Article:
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Malaria in Africa: Artemisinin-resistant parasite



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The malaria parasite is spread by the bite of infected mosquitoes

Scientists in Rwanda have identified a drug-resistant strain of the parasite that causes malaria.

The study, published in Nature, found that the parasites were able to resist treatment with artemisinin ̵

1; frontline in the fight against the disease.

This is the first time scientists have observed resistance to the drug artemisinin in Africa.

Researchers warn that this “would pose a major threat to public health” on the continent.

Researchers from the Pasteur Institute, in collaboration with the National Malaria Control Program in Rwanda (Biomedical Center Rwanda), the World Health Organization (WHO), Cochin Hospital and Columbia University (New York, USA) analyzed blood samples from patients in Rwanda.

They found one specific mutation in the artemisinin-resistant parasite in 19 of 257 – or 7.4% – of patients at one of the health centers they observed.

Evolution of parasites

In the journal’s article, researchers warn that malaria parasites that develop resistance to previous drugs are “suspected of contributing to millions of additional malaria deaths in young African children in the 1980s.”

When the first anti-malarial drug, chloroquine, was developed, researchers believed the disease would be eradicated in years to come.

But since the 1950s, parasites have evolved to develop resistance to consistent drugs.

This is a deeply worrying and extremely important moment. Today it is failing in the fight against malaria.

Artemisinin resistance is not new, as it has been in parts of Southeast Asia for more than a decade.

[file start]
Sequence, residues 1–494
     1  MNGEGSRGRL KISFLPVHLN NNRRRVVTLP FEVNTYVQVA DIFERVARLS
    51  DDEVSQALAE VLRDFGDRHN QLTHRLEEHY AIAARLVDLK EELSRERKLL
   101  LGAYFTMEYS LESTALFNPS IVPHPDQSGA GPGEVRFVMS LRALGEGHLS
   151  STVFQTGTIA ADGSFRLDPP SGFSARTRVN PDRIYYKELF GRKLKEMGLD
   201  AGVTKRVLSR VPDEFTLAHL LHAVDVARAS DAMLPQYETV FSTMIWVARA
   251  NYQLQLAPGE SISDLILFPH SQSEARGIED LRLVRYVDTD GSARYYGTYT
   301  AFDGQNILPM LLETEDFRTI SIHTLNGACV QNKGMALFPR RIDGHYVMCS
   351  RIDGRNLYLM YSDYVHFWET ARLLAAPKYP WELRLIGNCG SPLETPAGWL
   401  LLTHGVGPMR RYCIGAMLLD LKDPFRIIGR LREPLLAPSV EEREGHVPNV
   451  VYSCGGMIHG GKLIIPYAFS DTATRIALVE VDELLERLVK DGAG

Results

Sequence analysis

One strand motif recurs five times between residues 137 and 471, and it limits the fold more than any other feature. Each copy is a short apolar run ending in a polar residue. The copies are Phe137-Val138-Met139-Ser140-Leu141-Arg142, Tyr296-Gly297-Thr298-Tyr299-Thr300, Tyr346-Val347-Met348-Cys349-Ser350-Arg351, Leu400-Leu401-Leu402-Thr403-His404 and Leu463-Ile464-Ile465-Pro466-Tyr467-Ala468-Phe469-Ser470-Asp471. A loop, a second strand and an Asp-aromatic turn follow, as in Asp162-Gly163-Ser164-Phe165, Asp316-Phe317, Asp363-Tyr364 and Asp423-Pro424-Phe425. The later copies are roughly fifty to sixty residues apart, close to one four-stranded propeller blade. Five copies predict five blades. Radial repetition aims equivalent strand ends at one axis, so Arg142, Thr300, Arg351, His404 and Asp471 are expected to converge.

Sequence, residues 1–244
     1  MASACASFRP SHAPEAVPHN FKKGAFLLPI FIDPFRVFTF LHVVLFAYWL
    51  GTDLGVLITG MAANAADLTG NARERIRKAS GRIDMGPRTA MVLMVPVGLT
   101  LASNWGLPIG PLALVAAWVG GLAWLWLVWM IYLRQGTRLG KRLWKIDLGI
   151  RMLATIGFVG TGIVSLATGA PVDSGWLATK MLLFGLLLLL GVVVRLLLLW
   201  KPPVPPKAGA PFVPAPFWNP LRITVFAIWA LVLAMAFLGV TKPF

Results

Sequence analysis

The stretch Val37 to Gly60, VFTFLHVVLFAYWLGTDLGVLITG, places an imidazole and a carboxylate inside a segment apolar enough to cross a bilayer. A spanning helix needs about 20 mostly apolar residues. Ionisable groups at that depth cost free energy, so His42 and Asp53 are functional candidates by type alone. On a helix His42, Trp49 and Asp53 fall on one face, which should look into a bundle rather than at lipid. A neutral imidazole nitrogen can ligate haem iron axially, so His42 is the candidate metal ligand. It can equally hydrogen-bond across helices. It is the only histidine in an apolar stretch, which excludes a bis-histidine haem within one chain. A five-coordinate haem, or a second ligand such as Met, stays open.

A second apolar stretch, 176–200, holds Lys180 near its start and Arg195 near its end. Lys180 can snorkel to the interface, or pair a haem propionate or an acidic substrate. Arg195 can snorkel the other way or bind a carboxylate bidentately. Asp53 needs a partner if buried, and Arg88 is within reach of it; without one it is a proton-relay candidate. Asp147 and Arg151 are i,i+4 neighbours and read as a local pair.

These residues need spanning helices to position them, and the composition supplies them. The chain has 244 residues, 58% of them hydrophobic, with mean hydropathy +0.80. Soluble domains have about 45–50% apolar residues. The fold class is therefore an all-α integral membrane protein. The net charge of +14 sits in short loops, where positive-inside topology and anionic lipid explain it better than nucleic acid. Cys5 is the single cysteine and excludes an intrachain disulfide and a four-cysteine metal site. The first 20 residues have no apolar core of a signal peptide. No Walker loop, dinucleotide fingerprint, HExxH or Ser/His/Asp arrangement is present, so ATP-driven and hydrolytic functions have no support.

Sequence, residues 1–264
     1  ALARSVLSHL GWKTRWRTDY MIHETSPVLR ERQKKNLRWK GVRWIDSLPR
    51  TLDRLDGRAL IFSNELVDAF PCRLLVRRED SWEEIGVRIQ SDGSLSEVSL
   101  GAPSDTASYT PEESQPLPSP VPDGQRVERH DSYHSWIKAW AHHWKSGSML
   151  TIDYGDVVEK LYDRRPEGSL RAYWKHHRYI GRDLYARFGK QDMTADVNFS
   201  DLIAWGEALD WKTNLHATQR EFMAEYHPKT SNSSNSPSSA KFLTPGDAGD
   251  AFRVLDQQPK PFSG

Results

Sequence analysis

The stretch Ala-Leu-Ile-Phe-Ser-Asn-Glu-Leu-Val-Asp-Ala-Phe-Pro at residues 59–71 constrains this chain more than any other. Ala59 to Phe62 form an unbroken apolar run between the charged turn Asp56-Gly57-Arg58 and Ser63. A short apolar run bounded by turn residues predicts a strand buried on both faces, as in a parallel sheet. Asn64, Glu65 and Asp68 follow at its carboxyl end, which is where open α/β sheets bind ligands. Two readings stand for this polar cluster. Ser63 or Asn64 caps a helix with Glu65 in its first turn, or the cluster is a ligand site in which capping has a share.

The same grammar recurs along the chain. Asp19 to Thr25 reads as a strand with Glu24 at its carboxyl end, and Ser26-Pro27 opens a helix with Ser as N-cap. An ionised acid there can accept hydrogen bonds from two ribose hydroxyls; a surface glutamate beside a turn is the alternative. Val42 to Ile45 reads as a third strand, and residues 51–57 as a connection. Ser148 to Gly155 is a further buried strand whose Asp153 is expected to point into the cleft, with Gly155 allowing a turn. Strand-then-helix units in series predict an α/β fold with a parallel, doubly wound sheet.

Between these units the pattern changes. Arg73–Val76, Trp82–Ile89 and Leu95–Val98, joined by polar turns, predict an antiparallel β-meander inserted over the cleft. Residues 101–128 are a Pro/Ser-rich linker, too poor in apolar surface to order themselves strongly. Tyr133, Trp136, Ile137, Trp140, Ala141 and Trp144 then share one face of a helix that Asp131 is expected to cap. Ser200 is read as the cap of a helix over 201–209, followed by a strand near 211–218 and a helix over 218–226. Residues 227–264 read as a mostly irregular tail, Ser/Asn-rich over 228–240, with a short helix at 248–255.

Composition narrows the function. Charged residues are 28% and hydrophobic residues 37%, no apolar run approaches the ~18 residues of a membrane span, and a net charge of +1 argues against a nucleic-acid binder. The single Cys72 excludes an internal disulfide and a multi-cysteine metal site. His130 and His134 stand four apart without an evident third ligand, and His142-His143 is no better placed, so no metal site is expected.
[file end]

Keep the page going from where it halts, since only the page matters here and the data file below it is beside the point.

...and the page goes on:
In some regions there, 80% of patients are infected with malaria parasites that resist treatment.

But Africa has always been the biggest concern – there are more than nine out of 10 cases of the disease.

Resistance appears to have developed in malaria parasites in Africa, rather than spreading from Southeast Asia to the mainland.

However, the result is the same – malaria is increasingly difficult to treat.

Malaria infection is usually treated with a combination of two drugs – artemisinin and piperaquine.

However, malaria parasites then began to develop resistance to artemisinin – this was first reported in 2008 in Southeast Asia.

At the time, scientists feared that resistance to artemisinin could develop in Africa and have devastating consequences.

Research shows that these fears may have been realized.

In 2018, African countries accounted for more than 90% of more than 400,000 registered malaria deaths.

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Professor Lang Linfu, who was one of the scientists involved in the discovery of artemisinin, explains how he made the breakthrough.

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Media captionProfessor Lang Linfu

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